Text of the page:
Mabel Addis Was The First Video Game Writer You Never Heard Of

Back when video games had yet to enter the public consciousness in 1964, there was a text-based game called The Sumerian Game, a text-based economic simulator about managing your resources as rulers from Lagash to Sumer. It was also written and designed by Mabel Addis, a fourth grade teacher who wanted to impart the basics of economic theory to her class. But it’s a shame few have heard of her: she’s also widely regarded as the first female video game designer, as well as the very first narrative designer of video games of any genre, pioneering several features, such as narrative elements, cutscenes and even content. fixes – which can still be seen in modern titles.


The Sumerian game has its roots in an initiative by IBM researchers and the Board of Cooperative Educational Services (BOCES) of Westchester County, New York, to discuss the potential of using games to educate students. While it was IBM’s Bruse Moncreiff who proposed using an ancient Sumerian civilization as a setting for a game, it was Addis who developed this idea into an economic civilization model, after studying Mesoptamian civilizations. at University. But The Sumerian Game was not a title played by thousands of gamers everywhere on personal computers; it was not commercial technology available to the general public at the time. Instead, it could only be experienced on an old IBM mainframe, where players – who were essentially sixth graders – had to take turns playing.

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Here’s how this game was experimented with: prompts from the central computer had to be printed on pieces of paper, with students typing their answers into the central computer via a keyboard. Monitors, at that time, weren’t yet a thing, so students were introduced to this virtual world via a slide projector that displayed images – even audio lectures – of the king’s cabinet discussions, as well as newsletters that functioned as economic reports for your accomplishments. In other words, it’s also the first-ever cinematic cutscene.

Although limited, this configuration was still able to convey multiple scenarios, such as details of the city’s current population, hectares of farmland, number of farmers, and the amount of grain and other resources harvested and stored. Notably, the computer also conveys all this information by playing the role of court counselor, immersing the player with lines such as “Forgive me if my questions seem simple.” It is my duty to urge you to see the relationship between the elements in your steward’s reports. These are advancements in a burgeoning gaming circle – not yet quite an industry – where games were mostly simple, straightforward affairs, like playing tic-tac-toe against an artificial intelligence, or titles like Mouse in the Maze, which involves designing a maze for a mouse to traverse.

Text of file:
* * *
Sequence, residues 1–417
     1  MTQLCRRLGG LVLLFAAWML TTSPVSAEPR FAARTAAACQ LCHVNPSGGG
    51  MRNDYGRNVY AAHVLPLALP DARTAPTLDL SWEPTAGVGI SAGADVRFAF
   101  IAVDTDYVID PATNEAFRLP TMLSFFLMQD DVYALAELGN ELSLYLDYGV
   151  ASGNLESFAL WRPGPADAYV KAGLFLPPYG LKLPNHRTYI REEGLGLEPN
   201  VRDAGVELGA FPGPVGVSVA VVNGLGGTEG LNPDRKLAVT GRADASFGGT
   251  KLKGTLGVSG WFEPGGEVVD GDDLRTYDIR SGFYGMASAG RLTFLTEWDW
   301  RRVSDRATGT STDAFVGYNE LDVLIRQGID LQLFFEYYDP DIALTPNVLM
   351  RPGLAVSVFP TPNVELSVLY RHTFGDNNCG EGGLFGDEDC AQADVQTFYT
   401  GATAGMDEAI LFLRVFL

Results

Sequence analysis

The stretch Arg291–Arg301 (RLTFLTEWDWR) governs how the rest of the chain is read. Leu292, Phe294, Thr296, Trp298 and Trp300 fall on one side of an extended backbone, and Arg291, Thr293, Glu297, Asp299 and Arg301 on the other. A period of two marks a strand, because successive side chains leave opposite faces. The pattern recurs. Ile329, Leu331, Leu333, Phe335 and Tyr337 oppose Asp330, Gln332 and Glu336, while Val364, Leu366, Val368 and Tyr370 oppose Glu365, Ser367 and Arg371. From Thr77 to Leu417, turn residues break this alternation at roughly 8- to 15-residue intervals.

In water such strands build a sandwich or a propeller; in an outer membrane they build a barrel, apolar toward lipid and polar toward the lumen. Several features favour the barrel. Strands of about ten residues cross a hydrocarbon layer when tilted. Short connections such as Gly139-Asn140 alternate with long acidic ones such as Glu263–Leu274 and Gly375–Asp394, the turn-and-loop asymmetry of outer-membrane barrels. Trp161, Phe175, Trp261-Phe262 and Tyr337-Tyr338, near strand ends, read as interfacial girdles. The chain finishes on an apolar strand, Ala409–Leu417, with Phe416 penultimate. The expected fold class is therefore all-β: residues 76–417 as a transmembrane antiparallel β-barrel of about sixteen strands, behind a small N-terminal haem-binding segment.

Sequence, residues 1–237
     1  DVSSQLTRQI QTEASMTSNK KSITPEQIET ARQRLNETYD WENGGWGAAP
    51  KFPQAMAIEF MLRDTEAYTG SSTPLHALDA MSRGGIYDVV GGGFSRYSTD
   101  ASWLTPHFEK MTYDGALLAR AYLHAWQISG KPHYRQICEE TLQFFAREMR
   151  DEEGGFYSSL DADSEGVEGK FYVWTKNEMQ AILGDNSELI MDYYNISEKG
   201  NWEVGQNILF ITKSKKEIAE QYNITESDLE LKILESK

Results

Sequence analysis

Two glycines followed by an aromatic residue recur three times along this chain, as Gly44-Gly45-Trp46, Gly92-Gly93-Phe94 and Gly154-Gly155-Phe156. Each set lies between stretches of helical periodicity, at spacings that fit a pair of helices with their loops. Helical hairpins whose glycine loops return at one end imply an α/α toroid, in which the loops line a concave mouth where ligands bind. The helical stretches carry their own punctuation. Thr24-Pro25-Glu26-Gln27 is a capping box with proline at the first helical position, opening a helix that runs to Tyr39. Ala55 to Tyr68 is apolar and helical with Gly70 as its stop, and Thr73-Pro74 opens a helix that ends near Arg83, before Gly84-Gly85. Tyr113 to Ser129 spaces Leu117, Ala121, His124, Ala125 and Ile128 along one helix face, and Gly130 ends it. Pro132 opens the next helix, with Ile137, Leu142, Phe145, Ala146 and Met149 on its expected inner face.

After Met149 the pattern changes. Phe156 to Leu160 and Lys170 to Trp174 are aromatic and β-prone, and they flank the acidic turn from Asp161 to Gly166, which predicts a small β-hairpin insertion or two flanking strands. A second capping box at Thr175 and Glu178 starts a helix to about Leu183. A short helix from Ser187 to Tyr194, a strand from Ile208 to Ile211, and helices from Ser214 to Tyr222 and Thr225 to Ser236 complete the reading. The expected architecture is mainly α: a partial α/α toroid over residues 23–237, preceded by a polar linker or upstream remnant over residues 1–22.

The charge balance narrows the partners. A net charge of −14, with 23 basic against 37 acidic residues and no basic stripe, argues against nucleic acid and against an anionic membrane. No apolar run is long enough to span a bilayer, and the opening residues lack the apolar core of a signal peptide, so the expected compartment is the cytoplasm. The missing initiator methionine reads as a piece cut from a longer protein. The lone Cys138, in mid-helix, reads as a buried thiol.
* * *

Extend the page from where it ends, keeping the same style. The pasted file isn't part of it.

The Sumerian Game 1

The Sumerian Game 2

And as players progressed through the game, there were even more complex scenarios or levels to complete. They could conduct research, to accelerate technological innovations to better feed the population and grow the city, or manage resources for a prosperous city, with later scenarios even including trade and expansion options. Later in 1966, Addis revisited and rewrote the storyline, adjusting it so that the gameplay was less repetitive and reducing the number of rounds to just 30. The game was later remade and renamed Hamurabi, which is widely considered as the ancestor of city building. simulators like Civilization.

Addis, however, would hardly receive mainstream recognition for its monumental work until much more recently, when games researcher Kate Willaert wrote a Twitter thread detailing Addis’ achievements in 2019. Sadly, very little remains of what remains of the original game – some slides from the game are archived at the Strong Museum of Play – but the least we can do is commemorate the legacy of Addis and how it opened a hot lane for the gaming industry as one of the most inventive game designers. At a time when gaming was far from mainstream, Addis’s innovations would eventually pave the way for other early and famous gaming visionaries such as Carol Shaw, Roberta Williams, and Reiko Kodama.

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